Two factors require special attention when making vinegar at home: oxygen supply and temperature. Oxygen is spread throughout the mixture by stirring it daily and by letting air reach the fluid through a cheesecloth filter, which is used in place of a regular lid. The temperature of fermenting cider should be kept between 60 and 80 degrees Fahrenheit (F). Lower temperatures do not always produce a usable vinegar, and higher ones interfere with the formation of the “mother of vinegar.” Mother of vinegar is a mat that forms on the bottom of fermenting wine that has gone bad. Do not use a metal container when making vinegar; acid in the mixture will corrode metal or aluminum objects. Glass, plastic, wood, enamel, or stainless steel containers should be used for making or storing vinegar. The same holds true for making or storing foods that have more than l Tablespoon of vinegar in the recipe.
Steps for Making Cider Vinegar
The following steps must be followed to make a high-quality cider vinegar:
- Make a clean cider from ripe apples.
- Change all of the fruit sugar to alcohol. This is called “yeast fermentation.”
- Change all of the alcohol to acetic acid. This is called “acetic acid fermentation.”
- Clarify the acetic acid to prevent further fermentation and decomposition.
Step 1 – Making Cider
Cider is made from the winter and fall varieties of apples (summer and green apples do not contain enough sugar). Fruit should be gathered, then washed well to remove debris. Crush the fruit to produce apple pulp and strain off the juice. Use a press or cheesecloth for straining.
Adding yeast to activate fermentation is not essential, but will speed up the process. Special cultivated yeasts are available for this purpose at wine-making shops and biological labs—bread yeasts are not recommended. To make a starter, crumble one cake of yeast into one quart of cider. This makes enough starter for 5 gallons of cider; double the recipe proportionately when making more.
Steps 2 and 3—Making Alcohol and Acetic Acid Pour all of the liquid into one or more containers to about three-quarters capacity; do not close the lids on the containers. Stir the mixtures daily. Keep the containers away from direct sunlight and maintain the temperature at 60 to 80 degrees F. Full fermentation will take about 3 to 4 weeks. Near the end of this period, you should notice a vinegar-like smell. Taste samples daily until the desired strength is reached.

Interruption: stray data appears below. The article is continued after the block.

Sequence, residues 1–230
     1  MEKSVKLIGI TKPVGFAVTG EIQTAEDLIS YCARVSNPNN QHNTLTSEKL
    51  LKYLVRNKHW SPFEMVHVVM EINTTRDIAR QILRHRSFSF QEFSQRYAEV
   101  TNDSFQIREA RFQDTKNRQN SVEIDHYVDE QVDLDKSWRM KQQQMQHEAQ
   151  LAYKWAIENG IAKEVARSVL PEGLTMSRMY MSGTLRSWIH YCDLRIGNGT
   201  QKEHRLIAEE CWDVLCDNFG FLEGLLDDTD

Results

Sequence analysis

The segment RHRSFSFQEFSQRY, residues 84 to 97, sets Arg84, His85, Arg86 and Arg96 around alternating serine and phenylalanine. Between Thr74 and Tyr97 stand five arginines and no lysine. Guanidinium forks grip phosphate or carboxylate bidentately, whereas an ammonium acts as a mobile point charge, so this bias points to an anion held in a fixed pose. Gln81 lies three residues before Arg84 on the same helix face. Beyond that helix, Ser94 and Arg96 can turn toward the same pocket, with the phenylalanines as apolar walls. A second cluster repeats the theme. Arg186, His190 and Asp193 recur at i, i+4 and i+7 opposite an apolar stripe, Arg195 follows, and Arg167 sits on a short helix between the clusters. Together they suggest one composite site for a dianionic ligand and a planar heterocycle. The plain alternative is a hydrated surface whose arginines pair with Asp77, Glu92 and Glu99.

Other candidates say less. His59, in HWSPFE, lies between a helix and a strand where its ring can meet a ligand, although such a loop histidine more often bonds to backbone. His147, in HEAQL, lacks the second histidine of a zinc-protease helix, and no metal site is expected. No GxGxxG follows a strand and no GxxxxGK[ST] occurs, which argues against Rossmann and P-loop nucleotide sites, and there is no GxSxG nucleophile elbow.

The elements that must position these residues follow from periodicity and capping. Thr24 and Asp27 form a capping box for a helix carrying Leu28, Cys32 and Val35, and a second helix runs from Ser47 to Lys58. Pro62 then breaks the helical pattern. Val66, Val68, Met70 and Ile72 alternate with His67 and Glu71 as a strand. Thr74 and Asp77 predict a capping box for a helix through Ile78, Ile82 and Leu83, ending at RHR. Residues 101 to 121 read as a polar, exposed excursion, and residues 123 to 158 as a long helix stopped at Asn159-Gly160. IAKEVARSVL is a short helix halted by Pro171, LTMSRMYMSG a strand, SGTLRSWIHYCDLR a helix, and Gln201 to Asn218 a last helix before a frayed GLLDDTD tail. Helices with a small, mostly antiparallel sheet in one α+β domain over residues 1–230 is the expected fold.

When the vinegar is fully fermented, filter the liquid through several layers of fine cheesecloth or filter paper—a coffee filter works well for this. This removes the mother of vinegar, preventing further fermentation or spoilage of the product. Storing Your Vinegar
The vinegar is now ready for storage in separate, capped containers. Stored vinegar will stay in excellent condition almost indefinitely if it is pasteurized. To pasteurize, heat the vinegar before pouring it into sterilized bottles, or bottle, then place in a hot water bath. In both cases, the temperature of the vinegar must reach at least 140 degrees F to sterilize the product, and should not exceed 160 degrees F. Use a cooking thermometer to ensure the correct temperature is met. Cool the containers and store at room temperature out of direct sunlight.”
The varying apple cider vinegars on the market may seem unimportant, but apple cider vinegar is one product where the source matters entirely. Nutrition content differs wildly across the board among apple cider vinegars, and it’s important to choose one that is most nutritionally dense. We will discuss this further in Chapter Five.
If you choose to bypass making your own and buy a manufactured product, remember that this is one instance where choosy is better. Look for a dark brown color, a heavy saturation of mother, and the label to declare “organic, raw, unfiltered.”